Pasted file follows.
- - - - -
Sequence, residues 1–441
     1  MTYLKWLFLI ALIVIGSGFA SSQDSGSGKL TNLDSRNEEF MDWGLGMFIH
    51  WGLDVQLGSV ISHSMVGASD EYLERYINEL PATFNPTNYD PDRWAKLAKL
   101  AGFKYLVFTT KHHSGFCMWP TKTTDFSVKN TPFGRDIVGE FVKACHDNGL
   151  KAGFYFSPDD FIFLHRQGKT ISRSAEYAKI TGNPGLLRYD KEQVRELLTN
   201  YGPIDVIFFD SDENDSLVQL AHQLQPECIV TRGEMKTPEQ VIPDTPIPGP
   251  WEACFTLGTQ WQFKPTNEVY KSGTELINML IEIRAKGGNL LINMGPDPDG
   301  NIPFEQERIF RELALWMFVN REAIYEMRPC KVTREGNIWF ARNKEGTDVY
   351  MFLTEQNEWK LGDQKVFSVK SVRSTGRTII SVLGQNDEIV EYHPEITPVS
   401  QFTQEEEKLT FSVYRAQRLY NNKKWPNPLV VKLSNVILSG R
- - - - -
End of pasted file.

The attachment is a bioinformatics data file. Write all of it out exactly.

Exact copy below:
Sequence, residues 1–441
     1  MTYLKWLFLI ALIVIGSGFA SSQDSGSGKL TNLDSRNEEF MDWGLGMFIH
    51  WGLDVQLGSV ISHSMVGASD EYLERYINEL PATFNPTNYD PDRWAKLAKL
   101  AGFKYLVFTT KHHSGFCMWP TKTTDFSVKN TPFGRDIVGE FVKACHDNGL
   151  KAGFYFSPDD FIFLHRQGKT ISRSAEYAKI TGNPGLLRYD KEQVRELLTN
   201  YGPIDVIFFD SDENDSLVQL AHQLQPECIV TRGEMKTPEQ VIPDTPIPGP
   251  WEACFTLGTQ WQFKPTNEVY KSGTELINML IEIRAKGGNL LINMGPDPDG
   301  NIPFEQERIF RELALWMFVN REAIYEMRPC KVTREGNIWF ARNKEGTDVY
   351  MFLTEQNEWK LGDQKVFSVK SVRSTGRTII SVLGQNDEIV EYHPEITPVS
   401  QFTQEEEKLT FSVYRAQRLY NNKKWPNPLV VKLSNVILSG R